Dr. Topalian on Biomarkers for Anti- PD-1 Therapies in Melanoma

Suzanne L. Topalian, MD
Published: Thursday, Feb 12, 2015


Suzanne Topalian, MD, professor of surgery and oncology, John Hopkins Medicine, and director of the melanoma program, Sidney Kimmel Comprehensive Cancer Center,  compares biomarker detection for anti- PD-1 therapies like nivolumab to anti-CTLA-4 therapies like ipilimumab for the treatment of melanoma.

PD-1 and PD-L1 blocking drugs are more active at the tumor site, says Topalian. To determine markers for PD-1 drugs , investigators must look at the tumor itself and correlate them with clinical outcomes.  Anti-CTLA-4 therapies have a global impact on the immune response, so markers such as PD-L1 may not be relevant.  


Suzanne Topalian, MD, professor of surgery and oncology, John Hopkins Medicine, and director of the melanoma program, Sidney Kimmel Comprehensive Cancer Center,  compares biomarker detection for anti- PD-1 therapies like nivolumab to anti-CTLA-4 therapies like ipilimumab for the treatment of melanoma.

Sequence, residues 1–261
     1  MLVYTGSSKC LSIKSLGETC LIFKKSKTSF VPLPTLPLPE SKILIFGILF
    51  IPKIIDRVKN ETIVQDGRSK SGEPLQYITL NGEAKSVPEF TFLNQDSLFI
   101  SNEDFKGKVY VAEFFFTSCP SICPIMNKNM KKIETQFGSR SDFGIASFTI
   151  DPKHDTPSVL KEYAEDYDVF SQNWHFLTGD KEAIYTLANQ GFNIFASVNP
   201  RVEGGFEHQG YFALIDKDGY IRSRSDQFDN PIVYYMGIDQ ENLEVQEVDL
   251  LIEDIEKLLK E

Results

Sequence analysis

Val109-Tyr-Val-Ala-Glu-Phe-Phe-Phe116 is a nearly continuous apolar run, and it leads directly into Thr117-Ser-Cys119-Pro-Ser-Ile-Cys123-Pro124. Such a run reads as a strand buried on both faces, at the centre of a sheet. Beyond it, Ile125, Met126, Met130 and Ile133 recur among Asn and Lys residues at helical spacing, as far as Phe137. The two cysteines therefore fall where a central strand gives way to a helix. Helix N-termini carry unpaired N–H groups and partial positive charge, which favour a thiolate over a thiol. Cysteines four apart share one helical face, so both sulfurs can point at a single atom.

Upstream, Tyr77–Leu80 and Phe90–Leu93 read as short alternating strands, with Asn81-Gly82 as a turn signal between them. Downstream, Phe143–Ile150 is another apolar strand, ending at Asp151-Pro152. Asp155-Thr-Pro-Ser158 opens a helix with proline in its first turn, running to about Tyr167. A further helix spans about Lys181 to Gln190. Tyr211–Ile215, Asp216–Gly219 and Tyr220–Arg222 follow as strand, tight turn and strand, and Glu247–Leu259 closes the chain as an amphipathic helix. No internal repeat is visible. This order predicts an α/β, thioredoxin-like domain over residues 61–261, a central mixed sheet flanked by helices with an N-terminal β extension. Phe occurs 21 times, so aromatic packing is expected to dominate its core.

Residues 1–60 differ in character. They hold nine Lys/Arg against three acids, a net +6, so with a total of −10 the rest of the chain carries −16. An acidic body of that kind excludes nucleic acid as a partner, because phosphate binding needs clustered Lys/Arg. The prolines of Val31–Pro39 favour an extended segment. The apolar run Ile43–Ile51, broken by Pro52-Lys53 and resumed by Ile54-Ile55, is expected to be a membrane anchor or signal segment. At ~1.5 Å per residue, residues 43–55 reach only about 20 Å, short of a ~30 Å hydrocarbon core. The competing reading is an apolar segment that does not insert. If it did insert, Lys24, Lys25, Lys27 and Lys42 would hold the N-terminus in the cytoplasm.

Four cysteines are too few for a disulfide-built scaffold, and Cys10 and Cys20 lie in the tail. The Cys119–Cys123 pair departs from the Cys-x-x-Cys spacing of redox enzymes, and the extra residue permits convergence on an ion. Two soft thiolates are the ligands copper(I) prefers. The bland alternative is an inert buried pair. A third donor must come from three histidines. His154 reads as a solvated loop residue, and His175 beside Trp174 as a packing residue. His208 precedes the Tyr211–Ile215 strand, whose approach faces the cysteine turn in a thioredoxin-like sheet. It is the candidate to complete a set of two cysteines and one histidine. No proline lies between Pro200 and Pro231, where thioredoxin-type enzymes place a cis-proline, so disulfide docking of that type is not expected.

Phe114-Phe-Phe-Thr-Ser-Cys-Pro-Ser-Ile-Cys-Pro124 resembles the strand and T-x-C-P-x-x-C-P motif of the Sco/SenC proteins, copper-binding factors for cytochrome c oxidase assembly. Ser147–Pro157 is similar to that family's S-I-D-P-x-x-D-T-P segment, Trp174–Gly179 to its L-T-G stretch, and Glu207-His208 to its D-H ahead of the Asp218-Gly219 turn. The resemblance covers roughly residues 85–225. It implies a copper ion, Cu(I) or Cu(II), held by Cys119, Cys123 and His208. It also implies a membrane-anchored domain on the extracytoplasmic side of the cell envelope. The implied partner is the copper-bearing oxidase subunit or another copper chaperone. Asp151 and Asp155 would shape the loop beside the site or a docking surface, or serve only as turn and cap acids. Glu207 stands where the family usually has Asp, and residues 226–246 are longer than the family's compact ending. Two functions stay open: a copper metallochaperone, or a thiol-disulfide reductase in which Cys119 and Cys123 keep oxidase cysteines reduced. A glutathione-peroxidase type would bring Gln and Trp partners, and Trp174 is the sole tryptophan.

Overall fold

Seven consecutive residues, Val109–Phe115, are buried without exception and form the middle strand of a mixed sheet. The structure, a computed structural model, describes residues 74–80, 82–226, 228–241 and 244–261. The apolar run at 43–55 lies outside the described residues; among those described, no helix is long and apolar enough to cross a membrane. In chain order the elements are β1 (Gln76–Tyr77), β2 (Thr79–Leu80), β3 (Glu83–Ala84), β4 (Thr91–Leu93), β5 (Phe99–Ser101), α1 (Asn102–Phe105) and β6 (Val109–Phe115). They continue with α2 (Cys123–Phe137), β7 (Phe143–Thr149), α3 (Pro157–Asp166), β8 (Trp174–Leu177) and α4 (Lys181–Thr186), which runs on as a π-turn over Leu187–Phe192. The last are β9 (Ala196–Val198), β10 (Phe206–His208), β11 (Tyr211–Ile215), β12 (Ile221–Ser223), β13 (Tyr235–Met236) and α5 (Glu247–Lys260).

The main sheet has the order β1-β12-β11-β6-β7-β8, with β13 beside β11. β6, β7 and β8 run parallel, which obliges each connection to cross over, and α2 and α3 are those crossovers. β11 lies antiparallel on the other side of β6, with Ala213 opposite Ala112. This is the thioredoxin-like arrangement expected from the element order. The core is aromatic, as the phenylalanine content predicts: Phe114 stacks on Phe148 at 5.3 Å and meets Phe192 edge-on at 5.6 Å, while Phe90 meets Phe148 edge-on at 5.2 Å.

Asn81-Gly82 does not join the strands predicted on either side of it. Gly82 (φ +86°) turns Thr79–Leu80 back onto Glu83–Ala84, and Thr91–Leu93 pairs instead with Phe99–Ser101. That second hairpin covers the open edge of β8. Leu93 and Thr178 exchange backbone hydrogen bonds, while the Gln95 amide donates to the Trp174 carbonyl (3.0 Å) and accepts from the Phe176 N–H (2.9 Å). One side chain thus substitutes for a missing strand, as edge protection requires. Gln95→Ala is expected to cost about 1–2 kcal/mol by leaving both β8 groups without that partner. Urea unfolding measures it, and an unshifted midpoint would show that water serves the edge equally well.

PD-1 and PD-L1 blocking drugs are more active at the tumor site, says Topalian. To determine markers for PD-1 drugs , investigators must look at the tumor itself and correlate them with clinical outcomes.  Anti-CTLA-4 therapies have a global impact on the immune response, so markers such as PD-L1 may not be relevant.  




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Online CME Activities
TitleExpiration DateCME Credits
Medical Crossfire®: Evolving Roles for Targeted Melanoma Therapies: Assessing Rapid Progress in the Field and Looking Toward Future CombinationsFeb 28, 20191.5
Community Practice Connections™: New Directions in Advanced Cutaneous Squamous Cell Carcinoma: Emerging Evidence of ImmunotherapyAug 13, 20191.5
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